We published a good article by Jessica Chan a few weeks ago that encapsulates most of my advice: freecodecamp.org/news/staying-productive-in..

A lot of it is just a shift in mindset. Nobody is standing over your shoulder telling you what to do. You have to get used to keeping yourself motivated, and managing your time. It gets easier with practice.

Bolaji Ayodeji's photo

Thanks for the kind feedback Quincy Larson :).

I'll also check out the article, thank you.

Vamsi Rao's photo

Hey Quincy ๐Ÿ‘‹

  • What are some tools/sites you use/visit on a daily basis (other than freecodecamp)?
  • What does your daily routine look like, now that we are all in lockdown and some productivity hacks you use (for eg: writing down things to do on the previous day)?
  • Your favourite youtube channels?

Thanks for this and all that you do for the community!

Quincy Larson's photo

Hi Vamsi, thanks for your kind words.

I try to get as many of my to-do items down on my calendar, and live by my calendar. I will assign myself tasks at the beginning of the week. Then when those tasks come up, I just drop everything and do what my calendar says.

This is a bit more work than just putting everything into a todo list, but it is more effective. (Since human nature is to focus on the quick, less ambiguous tasks first and maybe never get to the large, hard tasks.)

As for favorite YouTube channels, aside from tutorial sites, if you're interested in video games at all, I strongly recommend Game Historian. He shares the hardware and software development stories behind many of the most iconic video games.

youtube.com/channel/UCnbvPS_rXp4PC21PG2k1UVg

Ryan Reed's photo

Long time fan of FCC here.

What have been your greatest lessons from starting FCC?

  1. If you were to start FCC over again, what would you do differently this time?

  2. Any advice for those looking to start something similar to FCC in the future?

  3. What does your day to day look like and how do you schedule/plan things (AKA: how do you stay productive)?

  4. What is/was your biggest influence in starting FCC?

Quincy Larson's photo

Hi Ryan, thanks for your kind words.

Any advice for those looking to start something similar to FCC in the future?

Yes โ€“ figure out a specific area where you think you can do better than anyone else with.

For us, it was teaching foundational web development skills.

Andrew Brown (ExamPro.co) has been eating, sleeping, and breathing AWS certifications for the past few years, and it really shows in his in-depth tutorials.

Dhawal Shah has been a Massive Open Online Course (MOOC) enthusiast since the beginning (8 years ago), and he has ridden the Gartner hype cycle all the way up, down, and up again. But he's stuck with it. And now online courses are bigger than ever and all his work is paying off.

If you love headless CMS's, go super deep on that. If you love Golang, go really deep on that. Most people broaden their scope too quickly, and all their passion gets dilluted before they can really get a critical mass.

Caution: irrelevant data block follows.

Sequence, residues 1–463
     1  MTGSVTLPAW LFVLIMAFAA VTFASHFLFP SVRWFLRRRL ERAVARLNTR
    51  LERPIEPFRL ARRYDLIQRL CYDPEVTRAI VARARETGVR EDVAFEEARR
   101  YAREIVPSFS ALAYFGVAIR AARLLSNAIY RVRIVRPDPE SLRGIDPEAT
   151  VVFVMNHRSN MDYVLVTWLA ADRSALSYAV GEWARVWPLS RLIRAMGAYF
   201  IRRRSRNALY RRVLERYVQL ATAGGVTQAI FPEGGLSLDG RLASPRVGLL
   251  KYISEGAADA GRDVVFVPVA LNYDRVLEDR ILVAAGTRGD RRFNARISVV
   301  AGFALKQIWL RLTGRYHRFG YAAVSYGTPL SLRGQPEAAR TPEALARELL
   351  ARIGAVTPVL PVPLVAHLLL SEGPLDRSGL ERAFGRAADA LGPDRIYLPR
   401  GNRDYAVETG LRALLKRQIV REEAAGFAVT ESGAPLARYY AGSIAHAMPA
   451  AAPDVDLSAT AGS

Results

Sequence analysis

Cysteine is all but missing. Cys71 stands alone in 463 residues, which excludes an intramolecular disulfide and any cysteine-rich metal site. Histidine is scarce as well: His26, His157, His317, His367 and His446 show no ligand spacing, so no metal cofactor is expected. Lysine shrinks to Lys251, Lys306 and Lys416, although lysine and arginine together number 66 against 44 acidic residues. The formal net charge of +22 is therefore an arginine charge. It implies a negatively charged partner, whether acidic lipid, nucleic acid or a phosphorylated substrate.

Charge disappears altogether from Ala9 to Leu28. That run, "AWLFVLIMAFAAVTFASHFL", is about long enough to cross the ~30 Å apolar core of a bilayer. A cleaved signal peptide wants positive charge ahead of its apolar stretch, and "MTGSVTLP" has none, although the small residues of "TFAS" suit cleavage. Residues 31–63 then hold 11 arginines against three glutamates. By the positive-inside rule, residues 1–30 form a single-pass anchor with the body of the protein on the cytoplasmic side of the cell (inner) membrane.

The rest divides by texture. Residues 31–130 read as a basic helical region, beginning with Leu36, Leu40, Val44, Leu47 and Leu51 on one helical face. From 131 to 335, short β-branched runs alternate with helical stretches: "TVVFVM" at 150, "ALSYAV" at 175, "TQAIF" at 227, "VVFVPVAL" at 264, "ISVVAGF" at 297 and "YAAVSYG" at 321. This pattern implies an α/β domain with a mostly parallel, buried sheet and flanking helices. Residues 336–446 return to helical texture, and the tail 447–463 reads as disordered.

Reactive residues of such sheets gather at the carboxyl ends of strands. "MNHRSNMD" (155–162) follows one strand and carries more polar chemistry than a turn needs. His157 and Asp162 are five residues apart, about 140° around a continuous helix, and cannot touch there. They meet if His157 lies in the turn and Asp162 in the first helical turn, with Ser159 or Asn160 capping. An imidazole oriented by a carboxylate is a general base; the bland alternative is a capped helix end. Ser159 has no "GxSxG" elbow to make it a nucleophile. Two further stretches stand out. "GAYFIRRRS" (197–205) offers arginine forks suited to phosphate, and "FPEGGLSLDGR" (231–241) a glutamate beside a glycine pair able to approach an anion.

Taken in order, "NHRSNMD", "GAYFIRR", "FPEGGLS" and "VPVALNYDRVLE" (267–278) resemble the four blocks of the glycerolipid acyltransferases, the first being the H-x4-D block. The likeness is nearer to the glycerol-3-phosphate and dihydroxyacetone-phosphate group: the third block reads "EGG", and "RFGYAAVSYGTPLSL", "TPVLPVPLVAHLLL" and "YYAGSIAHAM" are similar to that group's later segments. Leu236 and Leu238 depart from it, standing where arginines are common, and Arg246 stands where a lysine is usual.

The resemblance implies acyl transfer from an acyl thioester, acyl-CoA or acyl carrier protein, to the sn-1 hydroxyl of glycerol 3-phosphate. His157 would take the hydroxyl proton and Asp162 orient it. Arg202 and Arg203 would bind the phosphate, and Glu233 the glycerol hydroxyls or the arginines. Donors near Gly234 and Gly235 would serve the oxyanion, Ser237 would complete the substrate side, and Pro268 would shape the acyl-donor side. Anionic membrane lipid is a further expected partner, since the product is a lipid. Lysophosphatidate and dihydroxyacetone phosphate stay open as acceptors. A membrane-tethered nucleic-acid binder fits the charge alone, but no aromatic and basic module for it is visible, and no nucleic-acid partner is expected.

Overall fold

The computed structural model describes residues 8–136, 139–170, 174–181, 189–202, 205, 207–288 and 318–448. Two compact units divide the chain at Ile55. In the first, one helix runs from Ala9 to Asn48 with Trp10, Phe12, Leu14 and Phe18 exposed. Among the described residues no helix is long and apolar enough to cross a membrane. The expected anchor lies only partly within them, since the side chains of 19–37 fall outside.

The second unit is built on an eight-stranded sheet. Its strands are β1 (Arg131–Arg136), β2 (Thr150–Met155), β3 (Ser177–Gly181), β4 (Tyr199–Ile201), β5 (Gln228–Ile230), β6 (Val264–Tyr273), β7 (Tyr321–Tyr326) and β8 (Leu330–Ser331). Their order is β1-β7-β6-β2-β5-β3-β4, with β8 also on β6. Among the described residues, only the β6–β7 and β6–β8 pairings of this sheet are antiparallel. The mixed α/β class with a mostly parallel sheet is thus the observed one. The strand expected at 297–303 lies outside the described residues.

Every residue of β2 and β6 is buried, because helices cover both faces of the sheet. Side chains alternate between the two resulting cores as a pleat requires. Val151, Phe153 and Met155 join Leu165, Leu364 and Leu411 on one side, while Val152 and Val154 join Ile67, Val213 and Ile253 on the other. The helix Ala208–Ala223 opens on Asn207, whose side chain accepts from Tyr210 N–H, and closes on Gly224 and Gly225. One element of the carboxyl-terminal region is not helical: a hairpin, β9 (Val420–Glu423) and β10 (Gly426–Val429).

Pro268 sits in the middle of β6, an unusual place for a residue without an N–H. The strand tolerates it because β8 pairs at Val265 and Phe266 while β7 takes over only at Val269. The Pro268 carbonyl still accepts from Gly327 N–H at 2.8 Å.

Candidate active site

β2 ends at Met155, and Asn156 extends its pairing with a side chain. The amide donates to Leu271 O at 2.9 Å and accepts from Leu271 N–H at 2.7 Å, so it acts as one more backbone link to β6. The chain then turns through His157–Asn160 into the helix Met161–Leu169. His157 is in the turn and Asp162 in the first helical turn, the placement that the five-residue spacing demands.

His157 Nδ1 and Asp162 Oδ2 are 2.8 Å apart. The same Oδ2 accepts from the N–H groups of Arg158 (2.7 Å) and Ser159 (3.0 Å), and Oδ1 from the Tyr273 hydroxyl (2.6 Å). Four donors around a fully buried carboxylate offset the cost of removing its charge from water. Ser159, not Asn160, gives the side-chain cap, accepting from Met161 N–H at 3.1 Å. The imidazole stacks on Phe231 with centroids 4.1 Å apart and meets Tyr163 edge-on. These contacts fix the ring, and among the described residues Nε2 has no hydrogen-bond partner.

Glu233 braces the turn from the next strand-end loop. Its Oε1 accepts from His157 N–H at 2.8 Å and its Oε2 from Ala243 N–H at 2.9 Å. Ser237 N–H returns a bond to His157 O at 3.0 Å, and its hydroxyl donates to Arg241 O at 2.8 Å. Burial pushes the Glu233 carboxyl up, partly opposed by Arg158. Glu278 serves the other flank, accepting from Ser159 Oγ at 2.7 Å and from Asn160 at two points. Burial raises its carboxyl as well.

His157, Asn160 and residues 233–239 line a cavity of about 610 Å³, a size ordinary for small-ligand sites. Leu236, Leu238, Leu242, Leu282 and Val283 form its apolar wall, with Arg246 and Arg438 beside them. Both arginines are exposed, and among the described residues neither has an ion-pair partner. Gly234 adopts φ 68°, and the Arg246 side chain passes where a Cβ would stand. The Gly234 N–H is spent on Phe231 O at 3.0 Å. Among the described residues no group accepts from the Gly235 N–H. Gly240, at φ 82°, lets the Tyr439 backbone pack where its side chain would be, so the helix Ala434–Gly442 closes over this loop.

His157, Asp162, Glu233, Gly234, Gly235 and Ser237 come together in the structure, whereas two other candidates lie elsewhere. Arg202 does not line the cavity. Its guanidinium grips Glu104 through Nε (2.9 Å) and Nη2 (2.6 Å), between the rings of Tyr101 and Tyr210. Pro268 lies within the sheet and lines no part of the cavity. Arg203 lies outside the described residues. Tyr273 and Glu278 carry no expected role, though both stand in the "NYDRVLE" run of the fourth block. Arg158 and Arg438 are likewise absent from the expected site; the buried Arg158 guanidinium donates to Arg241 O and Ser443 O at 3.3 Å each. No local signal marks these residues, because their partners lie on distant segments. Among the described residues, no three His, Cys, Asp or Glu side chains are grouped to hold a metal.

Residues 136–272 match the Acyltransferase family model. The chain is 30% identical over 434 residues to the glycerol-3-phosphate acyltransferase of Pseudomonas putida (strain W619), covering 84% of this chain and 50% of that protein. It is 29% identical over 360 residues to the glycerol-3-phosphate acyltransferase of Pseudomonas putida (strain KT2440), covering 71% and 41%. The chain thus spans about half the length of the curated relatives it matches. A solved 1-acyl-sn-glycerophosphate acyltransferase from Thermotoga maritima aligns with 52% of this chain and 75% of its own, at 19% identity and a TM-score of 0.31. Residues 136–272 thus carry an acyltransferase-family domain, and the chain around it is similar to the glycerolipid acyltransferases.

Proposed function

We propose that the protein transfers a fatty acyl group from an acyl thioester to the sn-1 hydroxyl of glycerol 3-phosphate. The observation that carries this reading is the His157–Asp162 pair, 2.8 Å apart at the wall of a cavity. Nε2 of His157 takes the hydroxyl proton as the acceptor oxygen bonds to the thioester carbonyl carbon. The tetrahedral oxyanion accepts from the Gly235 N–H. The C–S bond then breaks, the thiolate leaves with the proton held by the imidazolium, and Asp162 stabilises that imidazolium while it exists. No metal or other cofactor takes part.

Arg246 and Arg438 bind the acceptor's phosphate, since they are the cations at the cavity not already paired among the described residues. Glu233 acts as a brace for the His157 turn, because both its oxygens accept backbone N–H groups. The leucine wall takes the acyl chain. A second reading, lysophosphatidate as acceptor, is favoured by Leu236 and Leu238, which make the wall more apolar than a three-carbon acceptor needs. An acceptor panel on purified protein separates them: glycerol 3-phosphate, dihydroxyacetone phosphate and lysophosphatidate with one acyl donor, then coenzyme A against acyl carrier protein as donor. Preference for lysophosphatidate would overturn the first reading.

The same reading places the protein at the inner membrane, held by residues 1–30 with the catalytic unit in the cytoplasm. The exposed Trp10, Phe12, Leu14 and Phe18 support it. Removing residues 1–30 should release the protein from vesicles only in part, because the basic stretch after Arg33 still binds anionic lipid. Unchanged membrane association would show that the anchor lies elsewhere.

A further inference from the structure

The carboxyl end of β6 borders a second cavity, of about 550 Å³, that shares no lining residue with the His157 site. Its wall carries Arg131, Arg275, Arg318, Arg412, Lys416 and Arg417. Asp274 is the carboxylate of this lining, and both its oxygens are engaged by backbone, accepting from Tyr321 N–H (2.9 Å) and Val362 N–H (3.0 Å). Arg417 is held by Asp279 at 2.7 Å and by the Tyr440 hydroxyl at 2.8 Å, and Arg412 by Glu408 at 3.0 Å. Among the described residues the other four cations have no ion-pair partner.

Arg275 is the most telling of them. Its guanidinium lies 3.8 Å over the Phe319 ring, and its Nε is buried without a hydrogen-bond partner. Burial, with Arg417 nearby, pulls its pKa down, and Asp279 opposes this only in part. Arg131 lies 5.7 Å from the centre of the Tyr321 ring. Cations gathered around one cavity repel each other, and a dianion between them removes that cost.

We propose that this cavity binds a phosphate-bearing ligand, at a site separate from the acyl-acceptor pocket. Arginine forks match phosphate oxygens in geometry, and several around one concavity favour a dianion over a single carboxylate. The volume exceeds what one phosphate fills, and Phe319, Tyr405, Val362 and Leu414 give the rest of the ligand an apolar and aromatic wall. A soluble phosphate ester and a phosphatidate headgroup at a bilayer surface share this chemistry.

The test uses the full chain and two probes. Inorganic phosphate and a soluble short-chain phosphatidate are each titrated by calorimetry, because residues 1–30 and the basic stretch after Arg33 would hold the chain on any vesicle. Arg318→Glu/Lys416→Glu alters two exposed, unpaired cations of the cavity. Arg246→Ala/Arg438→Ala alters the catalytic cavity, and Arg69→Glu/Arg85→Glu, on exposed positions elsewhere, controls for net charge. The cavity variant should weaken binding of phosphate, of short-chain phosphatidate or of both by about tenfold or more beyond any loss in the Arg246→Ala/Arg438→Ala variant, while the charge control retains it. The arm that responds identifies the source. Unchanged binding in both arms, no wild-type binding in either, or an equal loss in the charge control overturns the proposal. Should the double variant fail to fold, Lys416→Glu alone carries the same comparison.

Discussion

J_cloudofthrones's photo

Hi Quincy!,

I'm a fan! Thanks for all you do for us self-learners and beyond. I have a question. I'm always trying to prioritize all the tech blogs, vlogs, tutorials and tweets. I have a backlog of great information I want to get to but I feel like I can't because I'm not done with a specific tutorial or video. Any suggestions on how find patience and stay on track? Hope you and your family continue to be safe!

Jose

Quincy Larson's photo

My philosophy on this: I treat articles, podcasts, videos like water rushing past me. I assume that I will only get busier and busier, and if a resource isn't worth my time now, there will never be a time where it will be worth it. So I just let it flow right past, and I keep moving forward.

I used to feel guilty about not keeping up with things, or seeing an article and thinking "gee I should really read that." But now I just say to myself: maybe I'll stumble upon it again in a Google search at some point if it's really that important.

Don't feel bad about not being able to swallow the ocean. You are but one man with one belly to fill with water. It is just the nature of things.

Peter Czegledi's photo

Hello,

How have you got the courage to start freecodecamp? If I wonder about doing something like tihs, it scares me a little and the same questions come always up like:

What if no one is going to like it? What if someone gets jealous and tries to undermine my work? What if I did something wrong and everyone just follows it?

I know it sounds pessimistic and that there is much more gain in it than negativity, but I am really curious how did you manage to push these thoughts away.

Thank you in advance for your response!

Quincy Larson's photo

First of all, I was a lot older when I started freeCodeCamp. I was 34, and I had already worked as a teacher (and eventually a school director) for about 10 years.